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Verizon plans to acquire struggling Zoom competitor Blue Jeans Network Inc. and use its video conferencing technology to launch telemedicine and remote learning services.
The announcement came as a surprise to some industry observers because Verizon already resells the telecommunications and collaboration products of Cisco and Zoom.
Verizon said it would pair BlueJeans with its 5G wireless network to develop applications for industries such as healthcare, education and field services. But some analysts are skeptical that the carrier will be able to make the deal a success.
Verizon has a poor track record on acquisitions, said Patrick Moorhead, president of Moor Insights & Strategy. Moorhead pointed to Verizon's purchases of Yahoo in 2017 and AOL Inc. in 2015.
Those acquisitions were not well thought out and "far from successful," Moorhead said. "The biggest issue is timing. Verizon tends to buy companies in distress behind the curve [rather than] buying ahead of the trend."
This acquisition comes after BlueJeans laid off a significant percentage of its workforce to start making a profit. In December, the company let go of roughly 40% of its employees, Business Insider reported. The company now has 390 workers.
Verizon will pay less than $500 million for the Zoom competitor, according to BlueJeans co-founder Krish Ramakrishnan. Verizon declined to provide exact terms of the deal. BlueJeans generated more than $100 million in annually recurring revenue in the fiscal year that ended Jan. 31, 2019.
"It's a great deal for BlueJeans investors, but its customers should be concerned about Verizon's history of acquisition fumbles," said Dave Michels, principal analyst at TalkingPointz.
Sowmyanarayan Sampath, president of Verizon's global enterprise division, said the purchase of BlueJeans would be different from past ventures. Verizon is very familiar with the kind of technology it's acquiring this time. The company also learned lessons from previous deals that did not turn out as planned, he said.
"This is completely core to our mission of communication," Sampath said.
BlueJeans under Verizon
BlueJeans and Verizon began acquisition talks in the fall, Ramakrishnan, the BlueJeans co-founder, said. In October 2019, the two companies teamed up to let businesses run BlueJeans on Verizon mobile networks in conference rooms.
Toward the end of 2019, Verizon also began bundling BlueJeans with some sales of Verizon One Talk, a telephony product for small and midsize businesses. Verizon built the service using Cisco's BroadSoft technology. Once the acquisition closes, Verizon will build links between the interfaces of the two products.
Verizon also plans to integrate BlueJeans with its 5G network to support telemedicine, which requires low-latency connections. Similarly, the company wants to find ways to get more teachers and field service workers to start using the product. Meanwhile, Verizon's partnerships with Cisco and Zoom will continue for now.
"The idea is to take BlueJeans video technology and embed it in as many applications that we can," Ramakrishnan said. There are no plans to do away with the BlueJeans brand, he said. But that could happen down the road.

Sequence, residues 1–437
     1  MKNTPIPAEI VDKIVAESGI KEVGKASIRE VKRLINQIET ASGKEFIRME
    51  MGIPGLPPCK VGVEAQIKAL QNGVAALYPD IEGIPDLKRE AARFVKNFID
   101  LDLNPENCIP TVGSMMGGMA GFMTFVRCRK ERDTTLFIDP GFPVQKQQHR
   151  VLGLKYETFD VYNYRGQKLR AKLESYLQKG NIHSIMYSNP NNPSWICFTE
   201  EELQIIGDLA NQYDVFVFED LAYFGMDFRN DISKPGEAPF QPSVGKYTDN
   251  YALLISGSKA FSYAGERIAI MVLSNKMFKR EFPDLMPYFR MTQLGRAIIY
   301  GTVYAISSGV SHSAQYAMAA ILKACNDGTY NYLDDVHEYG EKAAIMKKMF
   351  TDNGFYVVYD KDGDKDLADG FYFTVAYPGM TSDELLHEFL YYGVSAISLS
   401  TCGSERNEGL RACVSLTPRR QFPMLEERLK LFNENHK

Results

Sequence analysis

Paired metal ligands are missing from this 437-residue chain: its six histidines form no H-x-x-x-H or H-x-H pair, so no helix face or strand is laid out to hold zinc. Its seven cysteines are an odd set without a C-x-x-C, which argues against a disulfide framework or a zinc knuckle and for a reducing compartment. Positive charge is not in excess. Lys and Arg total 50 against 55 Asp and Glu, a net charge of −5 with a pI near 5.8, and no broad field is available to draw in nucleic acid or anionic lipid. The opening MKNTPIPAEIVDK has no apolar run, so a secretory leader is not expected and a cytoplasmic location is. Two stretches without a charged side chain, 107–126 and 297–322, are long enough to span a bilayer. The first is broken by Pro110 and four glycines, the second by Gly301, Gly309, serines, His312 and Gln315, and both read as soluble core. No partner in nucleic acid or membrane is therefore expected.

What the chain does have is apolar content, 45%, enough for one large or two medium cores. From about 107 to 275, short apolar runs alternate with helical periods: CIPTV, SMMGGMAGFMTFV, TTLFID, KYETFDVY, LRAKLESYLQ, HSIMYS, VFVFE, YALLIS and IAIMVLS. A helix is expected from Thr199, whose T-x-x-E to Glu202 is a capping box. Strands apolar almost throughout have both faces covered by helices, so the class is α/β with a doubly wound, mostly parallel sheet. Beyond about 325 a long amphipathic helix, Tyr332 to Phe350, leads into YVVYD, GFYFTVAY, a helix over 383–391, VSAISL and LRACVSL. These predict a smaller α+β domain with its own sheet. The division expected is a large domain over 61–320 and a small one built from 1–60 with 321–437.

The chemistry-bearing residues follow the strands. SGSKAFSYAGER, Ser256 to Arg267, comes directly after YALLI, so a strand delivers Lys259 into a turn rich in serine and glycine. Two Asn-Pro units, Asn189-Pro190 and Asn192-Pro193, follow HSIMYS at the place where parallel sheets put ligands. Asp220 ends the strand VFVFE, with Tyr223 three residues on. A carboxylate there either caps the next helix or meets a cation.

The acquisition once again demonstrates how difficult it has become for communications vendors to survive on their own without providing a full suite of apps.
Video conferencing providers like Cisco, Microsoft, LogMeIn and Zoom have taken steps in recent years to package their meeting services with apps for calling and messaging.
Several vendors that exclusively provided video services were acquired over the same time frame, Michels, the TalkingPointz analyst, said. That includes TokBox, Biba and Vidyo. Most recently, Lifesize merged with contact center vendor Serenova.
BlueJeans also sells an interoperability service that lets businesses connect third-party video devices to Microsoft Teams and Skype for Business. The technology is impressive, but a new standard for internet communications known as WebRTC will make the product less valuable over time, Michels said.
BlueJeans vs. Zoom
Zoom competitor BlueJeans failed to keep pace with its rival in part because it lacked a free offering to attract consumers and small teams of workers, said Irwin Lazar, analyst at Nemertes Research. BlueJeans also did not develop an ecosystem of hardware partners as quickly as Zoom.
"They went after larger enterprises and they sold it ... as something you have to work through a salesperson to buy," Lazar said. "As Zoom took off, BlueJeans never really had an effective mitigation strategy."
Ramakrishnan said BlueJeans decided to go after companywide deployments at multinational corporations by making things like interoperability and security a priority.
"That's really why we have not been able to grow as fast as Zoom," Ramakrishnan said. Nevertheless, the company has attracted 15,000 customers, including major brands like Facebook, Viacom and ADP. It has not disclosed total users.
Zoom is currently valued at more than $42 billion. The company had 81,900 customers as of Jan. 31, but likely has many more than that now. However, Zoom's success has also revealed shortcomings in its security and privacy practices.
Verizon expects to close the BlueJeans deal in the second quarter. The Wall Street Journal was the first to report details of the transaction.